Would You Consider my New System Balanced?

No, not at all, although this gets us back into the thorny territory of source first vs mullet! I do think there can be synergy issues, and the best (worst) example I can think of is 202/250, which just doesn’t seem to work well at all, whereas 282/200 is great with the right speakers.
That aside, I believe that buying systems that are well matched (balanced, if you like) is the most cost effective approach. Naim make this easy by diving their products into ranges such that if you buy components from within one range they are designed to work well together. Deviate from this by using a better upstream component and you are on safe ground, but it’s going to cost a lot. Spend loads on downstream components and you’ll run into trouble sooner or later. The trick is to find the middle ground if you want a nice system that is also good value.

I just don’t see a commonality on the balance theory, seems more like synergy to me, as it seems to be case by case and not a rule that can be applied with any real consistency. Thanks for your remarks.

There are always exceptions to this rule, and price can never be an entirely accurate guide to component quality. Still, the fact that objectively better components let a lot more information through means that they expose the limitations of lesser components, however good those may be.
For example, a cheap source can often tail off the high and low frequency extremes early, and generate background noise. A well matched amp and/or speakers will not highlight this as it will tend to be similarly limited in its abilities. On the other hand a top flight pair of speakers, properly driven, will reveal all of these limitations. The noise floor will be noticeable, as will the lack of bass from a full range speaker.

Synergy I suppose is a separate issue. Say as a rather primitive example you buy two components both have an uneven frequency response. If they both exaggerate the same frequencies, the issue is compounded and you’re more likely to notice it. Of course, you might like it, but it won’t be a true rendition of the recording. These things are never simple!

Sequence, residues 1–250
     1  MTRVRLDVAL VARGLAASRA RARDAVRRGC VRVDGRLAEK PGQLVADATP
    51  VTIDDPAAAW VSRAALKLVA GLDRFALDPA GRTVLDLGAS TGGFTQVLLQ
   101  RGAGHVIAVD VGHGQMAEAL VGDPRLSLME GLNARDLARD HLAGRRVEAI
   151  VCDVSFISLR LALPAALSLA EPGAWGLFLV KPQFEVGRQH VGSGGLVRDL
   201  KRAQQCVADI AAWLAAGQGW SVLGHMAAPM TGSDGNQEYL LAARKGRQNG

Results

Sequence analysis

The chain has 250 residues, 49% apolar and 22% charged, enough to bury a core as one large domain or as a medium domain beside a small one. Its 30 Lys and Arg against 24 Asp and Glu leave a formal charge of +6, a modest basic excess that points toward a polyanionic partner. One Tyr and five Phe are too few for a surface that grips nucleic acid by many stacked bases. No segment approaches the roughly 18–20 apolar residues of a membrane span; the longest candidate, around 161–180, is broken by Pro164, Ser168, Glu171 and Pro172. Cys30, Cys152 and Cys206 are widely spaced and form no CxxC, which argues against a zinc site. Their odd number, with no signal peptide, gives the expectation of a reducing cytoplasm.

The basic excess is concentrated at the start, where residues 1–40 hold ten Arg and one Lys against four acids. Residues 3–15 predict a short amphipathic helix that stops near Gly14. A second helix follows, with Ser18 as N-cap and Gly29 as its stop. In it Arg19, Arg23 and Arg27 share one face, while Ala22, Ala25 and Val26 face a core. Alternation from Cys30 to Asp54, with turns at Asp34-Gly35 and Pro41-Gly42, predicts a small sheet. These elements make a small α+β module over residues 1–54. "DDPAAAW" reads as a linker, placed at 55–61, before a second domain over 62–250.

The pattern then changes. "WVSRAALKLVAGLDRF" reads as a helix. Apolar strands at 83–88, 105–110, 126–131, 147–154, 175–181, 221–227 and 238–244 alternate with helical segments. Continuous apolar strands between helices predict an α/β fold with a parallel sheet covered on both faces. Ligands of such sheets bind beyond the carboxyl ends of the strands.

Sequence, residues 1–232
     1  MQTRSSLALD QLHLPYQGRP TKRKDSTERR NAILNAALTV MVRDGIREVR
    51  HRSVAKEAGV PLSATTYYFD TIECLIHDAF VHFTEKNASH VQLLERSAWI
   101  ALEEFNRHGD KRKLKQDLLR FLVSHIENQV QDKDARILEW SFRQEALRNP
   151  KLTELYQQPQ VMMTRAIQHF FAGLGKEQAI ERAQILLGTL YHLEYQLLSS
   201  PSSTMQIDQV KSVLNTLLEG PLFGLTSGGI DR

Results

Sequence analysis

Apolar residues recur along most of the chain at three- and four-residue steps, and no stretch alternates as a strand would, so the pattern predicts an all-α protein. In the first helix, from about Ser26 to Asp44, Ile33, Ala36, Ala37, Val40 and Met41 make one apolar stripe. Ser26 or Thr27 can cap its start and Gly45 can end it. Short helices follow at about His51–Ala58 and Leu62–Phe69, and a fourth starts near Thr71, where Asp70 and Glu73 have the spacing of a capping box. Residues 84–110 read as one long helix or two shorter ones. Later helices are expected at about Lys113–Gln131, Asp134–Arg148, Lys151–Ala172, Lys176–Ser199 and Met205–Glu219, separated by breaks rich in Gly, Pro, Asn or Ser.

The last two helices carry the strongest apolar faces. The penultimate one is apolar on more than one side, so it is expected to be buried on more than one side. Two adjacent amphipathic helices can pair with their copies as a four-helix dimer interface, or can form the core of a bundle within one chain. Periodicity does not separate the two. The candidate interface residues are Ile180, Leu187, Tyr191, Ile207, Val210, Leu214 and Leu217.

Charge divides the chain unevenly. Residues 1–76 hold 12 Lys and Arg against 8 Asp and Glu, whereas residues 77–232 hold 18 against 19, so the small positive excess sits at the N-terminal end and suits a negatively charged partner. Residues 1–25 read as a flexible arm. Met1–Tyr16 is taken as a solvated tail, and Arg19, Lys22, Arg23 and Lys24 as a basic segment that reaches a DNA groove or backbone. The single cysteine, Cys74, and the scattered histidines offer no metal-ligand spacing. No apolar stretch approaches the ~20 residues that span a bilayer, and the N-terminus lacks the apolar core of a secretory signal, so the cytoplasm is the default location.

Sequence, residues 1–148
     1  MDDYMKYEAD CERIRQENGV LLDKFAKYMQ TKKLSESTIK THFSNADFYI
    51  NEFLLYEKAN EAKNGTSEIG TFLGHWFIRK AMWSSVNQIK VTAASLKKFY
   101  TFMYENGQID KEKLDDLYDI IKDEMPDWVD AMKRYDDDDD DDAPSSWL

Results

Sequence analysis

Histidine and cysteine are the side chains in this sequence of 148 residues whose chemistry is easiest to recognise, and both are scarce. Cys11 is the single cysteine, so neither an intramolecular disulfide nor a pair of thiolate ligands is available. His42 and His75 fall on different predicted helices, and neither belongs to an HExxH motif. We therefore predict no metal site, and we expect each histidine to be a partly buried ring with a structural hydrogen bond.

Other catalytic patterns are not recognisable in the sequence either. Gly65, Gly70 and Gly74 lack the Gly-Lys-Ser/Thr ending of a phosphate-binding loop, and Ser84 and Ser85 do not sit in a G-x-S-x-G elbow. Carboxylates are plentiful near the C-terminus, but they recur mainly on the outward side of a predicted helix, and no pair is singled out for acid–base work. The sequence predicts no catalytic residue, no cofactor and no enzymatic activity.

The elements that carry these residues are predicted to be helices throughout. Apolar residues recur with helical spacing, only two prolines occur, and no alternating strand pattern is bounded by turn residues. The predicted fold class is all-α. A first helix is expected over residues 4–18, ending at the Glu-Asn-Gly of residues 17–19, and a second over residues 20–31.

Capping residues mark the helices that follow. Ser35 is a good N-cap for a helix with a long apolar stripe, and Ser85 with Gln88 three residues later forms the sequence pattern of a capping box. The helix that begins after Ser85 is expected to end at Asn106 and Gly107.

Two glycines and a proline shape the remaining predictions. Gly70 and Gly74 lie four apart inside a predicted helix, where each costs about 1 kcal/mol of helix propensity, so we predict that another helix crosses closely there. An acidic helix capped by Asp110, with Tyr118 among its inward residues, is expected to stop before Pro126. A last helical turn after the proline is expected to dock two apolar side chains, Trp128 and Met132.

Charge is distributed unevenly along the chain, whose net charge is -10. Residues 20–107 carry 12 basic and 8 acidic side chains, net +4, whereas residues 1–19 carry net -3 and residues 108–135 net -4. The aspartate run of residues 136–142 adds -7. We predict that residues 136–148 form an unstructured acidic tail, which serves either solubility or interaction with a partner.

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A system that masks deficiencies is a less resolving system, never a good thing IMO. Balance is like a math equation that never adds up, I only see synergy here.

You have thought carefully about how to replace the system that you lost and seem to be very happy with the result, so I think you should just enjoy it. You will know yourself after some time whether there is some facility or aspect to the sound that you want to consider changing. Your question about balance can be considered from the perspective of fitting together the respective hifi ‘bits’, but I think balance also includes such elements as your practical requirements, your listening environment, the size of your property, your tastes and expectations, and of course the needs of anyone else who shares the space with you. Contributors here can be very experienced and are usually well-meaning but they can’t really take into account all those other elements of ‘balance’ that inform our decisions about how to enjoy music reproduction at home.


@CliveB great post and thank you.

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Something to consider which won’t mean another box is the power leads you are using in particular for your amplifier. I once used Isotek leads myself, nothing wrong with these are certainly better than out of the box leads but lots of companies seem to go on about RFI interference when the main thing to focus on here is a high current lead. I was once advised to plug your amplifier directly, into your mains and now a power block and to use a mains lead which draws high current, I use Titan Audio Leads which are not cheap but certainly carry a more realistic price compared to some of the crazy prices out there! Something to consider, maybe get a lead on loan to test, failing this, definitely consider plugging your amplifier direct to mains and not via any powerblock.

@broomy Thanks. I remember that advice. Naim is not the only manufacturer who suggests that. However because of my vision and coordination I cannot easily get behind the rack. When the dealer installed the system, they connected the Isotek power block to the wall outlet. All the power cords are then connected to the Isotek, which is on a shelf of the audio rack which I can reach with difficulty, but I still can.

Because of my disability, I took a break from music in the home for several years. Only now, have I resumed with my new system. I am focusing on what I can do, rather than trying to achieve optimal SQ and doing nothing. Thanks for your suggestions though.

No problem, all that is left for you to do then is sit back and enjoy the music, I am yet to find anything else that can just allow my brain to drift off and unplug itself if you will pardon the pun! Happy listening, that system will deliver as is. :wink:

@broomy So far, it is bringing a lot of JOY. Thanks.

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